Firing Mike Leach would be program suicide for Texas Tech
Mike Leach failed to accept Texas Tech's five-year, $12.7 million extension offer
Four clauses stand in the way, and Tech could fire Leach with 2 years left on deal
If Tech fires the coach who made it nationally relevant, it'll be program suicide
Texas Tech has spent millions this decade to make its football program one of the nation's best. The Red Raiders have expanded their stadium, entered into lucrative licensing agreements and enjoyed the bounty that comes from being a competitive member of the Big 12. So why, when they are so close to reaching their goal of making the team nationally relevant on an annual basis, have athletic director Gerald Myers and school administrators decided now is the time to torpedo the program?
After a year of hemming and hawing, Myers and company offered coach Mike Leach a contract extension that featured Big 12 money but a set of Ohio Valley Conference clauses Leach and his agents wisely declined. Now, after Leach missed a school-imposed deadline Tuesday afternoon to accept the extension, the man who made Texas Tech's program relevant could very well be fired.
Texas Tech and Leach never should have reached this point in the first place. After Leach, in his ninth season at the school, led the Red Raiders to an 11-2 record and a place in the national discussion, school officials should have asked Leach one question: "How much would you like?" Instead, they offered Leach more money ($12.7 million over five years), but that fortune comes larded with a set of conditions no elite coach in the country would accept.
Apparently, Myers and company think the program can continue on its current path without Leach. They're wrong. It's hard enough to find a coach who can recruit players to Lubbock, Texas. It's impossible to find another coach who will have SI, 60 Minutes and The New York Times scouring Southwest flight schedules for the least inconvenient path to Lubbock so they can bring the world the story of a well-read, pirate-obsessed former attorney who never played college football but who still managed to devise a mind-bending offense that has befuddled some of college football's brightest defensive minds.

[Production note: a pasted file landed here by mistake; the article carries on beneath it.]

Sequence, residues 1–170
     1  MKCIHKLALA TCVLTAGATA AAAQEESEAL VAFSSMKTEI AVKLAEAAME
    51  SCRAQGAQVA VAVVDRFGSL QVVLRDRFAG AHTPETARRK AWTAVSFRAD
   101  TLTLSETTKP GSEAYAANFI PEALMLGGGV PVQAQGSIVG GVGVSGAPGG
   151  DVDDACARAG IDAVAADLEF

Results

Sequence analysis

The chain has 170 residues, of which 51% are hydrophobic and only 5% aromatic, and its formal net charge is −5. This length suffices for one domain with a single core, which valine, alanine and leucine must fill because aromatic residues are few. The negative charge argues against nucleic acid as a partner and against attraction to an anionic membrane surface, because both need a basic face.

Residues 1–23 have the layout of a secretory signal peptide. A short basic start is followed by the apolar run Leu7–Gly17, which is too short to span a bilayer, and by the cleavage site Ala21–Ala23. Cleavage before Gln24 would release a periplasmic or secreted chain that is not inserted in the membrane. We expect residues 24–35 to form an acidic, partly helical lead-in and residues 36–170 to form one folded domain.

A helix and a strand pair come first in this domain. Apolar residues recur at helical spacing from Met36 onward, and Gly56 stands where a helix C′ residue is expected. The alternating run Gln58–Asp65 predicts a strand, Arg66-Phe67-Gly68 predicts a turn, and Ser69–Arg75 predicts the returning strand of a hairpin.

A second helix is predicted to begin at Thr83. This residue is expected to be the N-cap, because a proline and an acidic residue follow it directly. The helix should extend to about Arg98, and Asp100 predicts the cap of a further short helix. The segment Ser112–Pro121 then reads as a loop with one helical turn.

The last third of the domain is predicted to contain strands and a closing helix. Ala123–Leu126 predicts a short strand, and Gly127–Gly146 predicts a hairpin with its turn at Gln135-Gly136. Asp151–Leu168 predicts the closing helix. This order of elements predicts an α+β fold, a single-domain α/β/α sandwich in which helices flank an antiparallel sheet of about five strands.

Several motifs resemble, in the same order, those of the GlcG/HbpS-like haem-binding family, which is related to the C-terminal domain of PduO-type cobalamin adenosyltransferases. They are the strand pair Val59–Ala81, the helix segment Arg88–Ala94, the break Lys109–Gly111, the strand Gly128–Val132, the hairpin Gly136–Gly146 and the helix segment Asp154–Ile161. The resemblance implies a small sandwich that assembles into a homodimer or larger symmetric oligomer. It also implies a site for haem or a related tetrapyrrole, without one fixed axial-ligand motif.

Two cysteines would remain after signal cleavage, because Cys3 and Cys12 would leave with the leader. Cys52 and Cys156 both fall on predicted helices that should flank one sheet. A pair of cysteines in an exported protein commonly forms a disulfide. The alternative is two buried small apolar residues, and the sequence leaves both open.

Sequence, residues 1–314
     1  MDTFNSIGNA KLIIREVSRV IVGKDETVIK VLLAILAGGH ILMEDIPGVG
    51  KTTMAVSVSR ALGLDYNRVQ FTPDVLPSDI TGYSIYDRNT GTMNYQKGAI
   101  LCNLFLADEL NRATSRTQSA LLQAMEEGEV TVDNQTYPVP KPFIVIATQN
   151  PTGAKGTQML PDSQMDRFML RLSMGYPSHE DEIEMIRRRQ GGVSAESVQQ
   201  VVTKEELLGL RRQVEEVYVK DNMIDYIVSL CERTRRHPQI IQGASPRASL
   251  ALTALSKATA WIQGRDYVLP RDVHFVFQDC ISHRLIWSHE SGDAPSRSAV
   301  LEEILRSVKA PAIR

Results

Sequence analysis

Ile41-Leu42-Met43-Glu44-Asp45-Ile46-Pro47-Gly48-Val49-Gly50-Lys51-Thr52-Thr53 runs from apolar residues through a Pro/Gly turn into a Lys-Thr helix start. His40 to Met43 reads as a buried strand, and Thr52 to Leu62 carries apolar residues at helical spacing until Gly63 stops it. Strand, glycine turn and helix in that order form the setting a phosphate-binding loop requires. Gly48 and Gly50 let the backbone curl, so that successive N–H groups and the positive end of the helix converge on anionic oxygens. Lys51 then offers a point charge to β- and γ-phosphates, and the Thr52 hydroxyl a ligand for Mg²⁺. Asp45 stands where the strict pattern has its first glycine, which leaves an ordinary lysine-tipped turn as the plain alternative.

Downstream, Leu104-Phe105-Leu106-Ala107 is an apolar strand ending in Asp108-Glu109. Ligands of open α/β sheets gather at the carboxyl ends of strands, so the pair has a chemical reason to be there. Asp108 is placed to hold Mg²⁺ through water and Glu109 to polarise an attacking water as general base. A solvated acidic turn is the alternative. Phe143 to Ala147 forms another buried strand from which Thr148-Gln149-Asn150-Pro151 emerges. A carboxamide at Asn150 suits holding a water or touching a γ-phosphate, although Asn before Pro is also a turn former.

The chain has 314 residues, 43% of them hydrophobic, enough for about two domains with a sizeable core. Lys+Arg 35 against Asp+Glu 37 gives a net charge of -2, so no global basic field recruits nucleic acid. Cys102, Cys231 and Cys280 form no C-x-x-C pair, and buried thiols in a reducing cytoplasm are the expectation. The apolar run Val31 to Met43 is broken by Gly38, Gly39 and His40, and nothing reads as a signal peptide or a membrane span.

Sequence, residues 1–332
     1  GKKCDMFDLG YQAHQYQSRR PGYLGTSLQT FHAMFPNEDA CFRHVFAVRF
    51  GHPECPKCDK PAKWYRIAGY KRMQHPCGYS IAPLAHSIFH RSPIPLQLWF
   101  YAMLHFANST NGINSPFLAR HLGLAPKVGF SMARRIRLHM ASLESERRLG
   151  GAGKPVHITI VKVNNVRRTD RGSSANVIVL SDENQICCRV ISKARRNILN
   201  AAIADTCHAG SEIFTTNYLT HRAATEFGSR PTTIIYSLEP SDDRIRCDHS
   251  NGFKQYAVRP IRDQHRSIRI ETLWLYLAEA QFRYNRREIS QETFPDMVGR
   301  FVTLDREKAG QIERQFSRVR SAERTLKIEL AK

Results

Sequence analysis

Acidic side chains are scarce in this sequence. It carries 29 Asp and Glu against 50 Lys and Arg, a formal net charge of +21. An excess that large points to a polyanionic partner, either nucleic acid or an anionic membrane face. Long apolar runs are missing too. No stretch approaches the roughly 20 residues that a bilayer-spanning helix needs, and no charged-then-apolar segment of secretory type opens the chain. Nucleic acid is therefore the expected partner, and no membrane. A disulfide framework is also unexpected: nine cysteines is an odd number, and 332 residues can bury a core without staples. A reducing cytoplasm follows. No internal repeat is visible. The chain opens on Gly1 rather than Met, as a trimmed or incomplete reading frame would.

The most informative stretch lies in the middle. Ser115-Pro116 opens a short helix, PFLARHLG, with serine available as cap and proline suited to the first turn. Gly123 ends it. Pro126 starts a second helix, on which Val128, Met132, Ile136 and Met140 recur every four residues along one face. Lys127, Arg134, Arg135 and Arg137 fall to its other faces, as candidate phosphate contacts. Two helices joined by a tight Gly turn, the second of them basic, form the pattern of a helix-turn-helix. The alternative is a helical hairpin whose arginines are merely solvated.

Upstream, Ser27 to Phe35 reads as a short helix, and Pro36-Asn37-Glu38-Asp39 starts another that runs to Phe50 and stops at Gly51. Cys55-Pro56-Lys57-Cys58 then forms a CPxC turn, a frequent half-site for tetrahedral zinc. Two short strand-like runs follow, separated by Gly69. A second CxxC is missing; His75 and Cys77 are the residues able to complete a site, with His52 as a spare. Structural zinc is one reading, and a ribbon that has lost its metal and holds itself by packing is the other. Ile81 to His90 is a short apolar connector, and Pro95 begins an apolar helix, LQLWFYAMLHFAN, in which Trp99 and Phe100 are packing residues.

This spitting match began after Leach felt slighted because Texas Tech didn't offer a new contract after the 2007 season. After the 2008 season, Myers and the Texas Tech administration felt disrespected because, in an attempt to force their hand, Leach interviewed at Washington in December without telling them. Now, after more than a month of haggling over four clauses inserted into Texas Tech's Jan. 9 offer to Leach, the situation in Lubbock has reached DEFCON 1.
Nine minutes after the Myers-imposed deadline for Leach to accept Texas Tech's five-year offer expired early Tuesday evening, Myers released the following statement: "Coach Leach has declined our $12.7 million contract. We will enter the decision-making process and should have some announcements by next week. Our decisions will be based on the best interest of Texas Tech and all of its supporters." Even before the deadline passed, The Dallas Morning News reported the school's board of regents announced a "special called teleconference meeting" from 3-4 p.m. ET on Friday for a discussion "including but not limited to the position of the football head coach."